Street harassment is defined as, “unwanted comments, gestures, and actions forced on a stranger in a public place without their consent and is directed at them because of their actual or perceived sex, gender, gender expression, or sexual orientation,” (Stop Street Harassment, 2015). It is almost always a manifestation of discrimination based on sexism, racism, homophobia, or any other “-ism”.
Street harassment is typically perpetrated by men to gain a sense of power and control. Some individuals believe these unsolicited actions are a compliment, and find fault with the victim for not having a positive response. They feel that the victim is rude and offensive – not that the aggressor’s actions were rude and offensive. These beliefs highlight the patriarchal nature of our society.
In the United States and around the world, virtually all women have been a victim of street harassment (Chatterjee, 2018). Experiences can range from being whistled at to being physically assaulted. Women and girls experience higher rates of street harassment, but people of all genders can be victims (Santhanam, 2014).
Street harassment is a human rights issue as it impacts someone’s sense of dignity, value, and worth. People deserve to feel safe in their home, school, workplace, or walking down the street. The implications of street harassment can be serious – with victims experiencing negative changes to their physical and mental health. There can also be financial implications from people changing their routes to and from destinations and needing to pay to do so (RAINN, 2020).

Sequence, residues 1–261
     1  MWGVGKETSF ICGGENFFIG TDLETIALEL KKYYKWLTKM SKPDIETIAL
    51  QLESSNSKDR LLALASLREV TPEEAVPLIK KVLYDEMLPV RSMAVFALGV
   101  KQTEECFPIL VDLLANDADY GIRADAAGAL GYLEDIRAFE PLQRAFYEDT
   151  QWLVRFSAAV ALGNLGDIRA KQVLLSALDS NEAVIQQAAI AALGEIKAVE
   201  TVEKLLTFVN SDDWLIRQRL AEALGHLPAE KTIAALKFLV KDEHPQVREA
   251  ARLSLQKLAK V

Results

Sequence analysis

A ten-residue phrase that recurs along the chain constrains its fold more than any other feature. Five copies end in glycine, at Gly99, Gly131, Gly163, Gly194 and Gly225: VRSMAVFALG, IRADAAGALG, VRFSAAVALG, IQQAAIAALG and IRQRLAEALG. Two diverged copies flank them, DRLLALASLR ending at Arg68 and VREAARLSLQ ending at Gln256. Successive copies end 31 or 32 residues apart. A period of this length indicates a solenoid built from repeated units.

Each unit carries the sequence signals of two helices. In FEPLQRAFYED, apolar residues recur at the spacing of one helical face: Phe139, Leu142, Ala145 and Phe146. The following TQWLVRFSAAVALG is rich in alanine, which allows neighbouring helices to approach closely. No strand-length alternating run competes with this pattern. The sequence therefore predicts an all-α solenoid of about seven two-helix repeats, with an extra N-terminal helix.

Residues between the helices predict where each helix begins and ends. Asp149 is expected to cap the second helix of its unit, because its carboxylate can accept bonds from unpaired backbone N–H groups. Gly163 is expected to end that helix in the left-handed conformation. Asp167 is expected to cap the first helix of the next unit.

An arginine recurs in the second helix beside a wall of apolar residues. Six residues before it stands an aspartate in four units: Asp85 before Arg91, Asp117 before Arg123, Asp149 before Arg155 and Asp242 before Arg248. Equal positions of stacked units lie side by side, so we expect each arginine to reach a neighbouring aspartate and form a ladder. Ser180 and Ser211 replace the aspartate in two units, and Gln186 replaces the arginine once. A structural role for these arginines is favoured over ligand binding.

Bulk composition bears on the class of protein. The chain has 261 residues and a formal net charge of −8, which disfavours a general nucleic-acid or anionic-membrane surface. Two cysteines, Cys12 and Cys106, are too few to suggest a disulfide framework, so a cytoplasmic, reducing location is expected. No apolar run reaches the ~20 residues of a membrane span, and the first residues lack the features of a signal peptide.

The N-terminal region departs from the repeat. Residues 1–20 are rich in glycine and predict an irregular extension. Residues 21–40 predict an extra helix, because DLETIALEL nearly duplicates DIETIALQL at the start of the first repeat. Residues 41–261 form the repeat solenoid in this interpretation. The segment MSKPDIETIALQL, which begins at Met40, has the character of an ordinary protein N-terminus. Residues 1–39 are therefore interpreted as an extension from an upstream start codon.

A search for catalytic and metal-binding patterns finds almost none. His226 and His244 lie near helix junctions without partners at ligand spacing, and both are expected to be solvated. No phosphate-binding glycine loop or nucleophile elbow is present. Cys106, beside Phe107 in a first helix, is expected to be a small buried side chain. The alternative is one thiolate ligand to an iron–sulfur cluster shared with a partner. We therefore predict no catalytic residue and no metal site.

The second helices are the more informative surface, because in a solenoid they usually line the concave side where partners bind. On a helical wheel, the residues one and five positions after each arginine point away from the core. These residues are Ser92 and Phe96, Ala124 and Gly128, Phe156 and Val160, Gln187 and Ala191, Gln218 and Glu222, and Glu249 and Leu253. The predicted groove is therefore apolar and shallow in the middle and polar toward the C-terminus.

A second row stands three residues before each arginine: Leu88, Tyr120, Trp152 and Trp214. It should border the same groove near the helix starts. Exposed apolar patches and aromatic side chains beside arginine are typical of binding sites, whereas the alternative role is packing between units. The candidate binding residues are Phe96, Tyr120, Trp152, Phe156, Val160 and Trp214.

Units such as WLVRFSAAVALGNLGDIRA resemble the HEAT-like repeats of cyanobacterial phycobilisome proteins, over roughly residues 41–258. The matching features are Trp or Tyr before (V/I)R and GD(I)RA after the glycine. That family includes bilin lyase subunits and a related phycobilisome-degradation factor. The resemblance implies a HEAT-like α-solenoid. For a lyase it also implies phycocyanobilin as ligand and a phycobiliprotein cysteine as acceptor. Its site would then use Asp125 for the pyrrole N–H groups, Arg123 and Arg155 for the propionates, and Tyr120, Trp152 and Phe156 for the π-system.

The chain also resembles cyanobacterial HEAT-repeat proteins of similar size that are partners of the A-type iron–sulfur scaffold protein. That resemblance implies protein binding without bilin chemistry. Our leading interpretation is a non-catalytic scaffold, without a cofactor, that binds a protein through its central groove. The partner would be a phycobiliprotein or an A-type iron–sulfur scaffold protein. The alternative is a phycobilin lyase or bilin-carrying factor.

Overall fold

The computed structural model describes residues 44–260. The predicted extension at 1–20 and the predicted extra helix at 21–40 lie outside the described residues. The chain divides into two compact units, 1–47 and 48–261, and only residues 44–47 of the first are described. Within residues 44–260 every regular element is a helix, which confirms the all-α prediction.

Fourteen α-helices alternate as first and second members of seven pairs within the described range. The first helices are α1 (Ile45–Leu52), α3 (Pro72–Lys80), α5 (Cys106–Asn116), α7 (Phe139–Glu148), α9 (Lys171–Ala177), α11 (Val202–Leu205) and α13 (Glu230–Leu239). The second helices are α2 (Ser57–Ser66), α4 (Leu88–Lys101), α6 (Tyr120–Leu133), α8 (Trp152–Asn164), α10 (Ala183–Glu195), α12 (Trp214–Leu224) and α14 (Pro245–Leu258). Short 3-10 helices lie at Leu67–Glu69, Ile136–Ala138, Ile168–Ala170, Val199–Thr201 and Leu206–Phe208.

Things you can do to stop street harassment:
- Address friends and family about their actions
- Share your story of street harassment to bring awareness to the issue (only if you feel safe to do so)
- Be an active bystander and intervene when you see street harassment (again, only if it is safe to do so), or check in with the victim afterwards to make sure they are safe
- Report it to someone you trust (RAINN, 2020)
- A 2019 report of sexual harassment and assault conducted a study Measuring #MeToo showing the prevalence and impact of sexual harassment and assault following #MeToo
- BBC News published the article, Street harassment ‘relentless’ for women and girls, highlighting the prevalence of street harassment
- BBC News shares a video on YouTube, Why we need to talk about street harassment, to raise awareness to the global impact of street harassment
- Hollaback provides definitions, examples, resources, and how to respond to street harassment should you experience it
- Huffpost published the article, Street Harassment Isn’t Just Annoying, It’s Psychologically Damaging, to highlight the emotional impact that street harassment carries
- NPR published an article, A New Survey Finds 81 Percent Of Women Have Experienced Sexual Harassment, showing the incredibly high prevelance of street harassment
- RAINN provides definitions, examples, and resources to address street harassment
- Stop Street Harassment provides definitions, examples, and resources to address street harassment
- Why street harassment happens, and why most people just ignore it by Laura Santhanam published on PBS NewsHour
Chatterjee, R. (2018, February 21). A New Survey Finds 81 Percent Of Women Have Experienced Sexual Harassment. NPR. https://choice.npr.org/index.html?origin=https://www.npr.org/sections/thetwo-way/2018/02/21/587671849/a-new-survey-finds-eighty-percent-of-women-have-experienced-sexual-harassment
Santhanam, L. (2014, October 31). Why street harassment happens, and why most people just ignore it. PBS NewsHour. https://www.pbs.org/newshour/nation/compels-people-engage-street-harassment-combat
Stop Street Harassment. (2015, October 23). Stop Street Harassment. http://www.stopstreetharassment.org/
Street Harassment | RAINN. (2020). RAINN. https://www.rainn.org/articles/street-harassment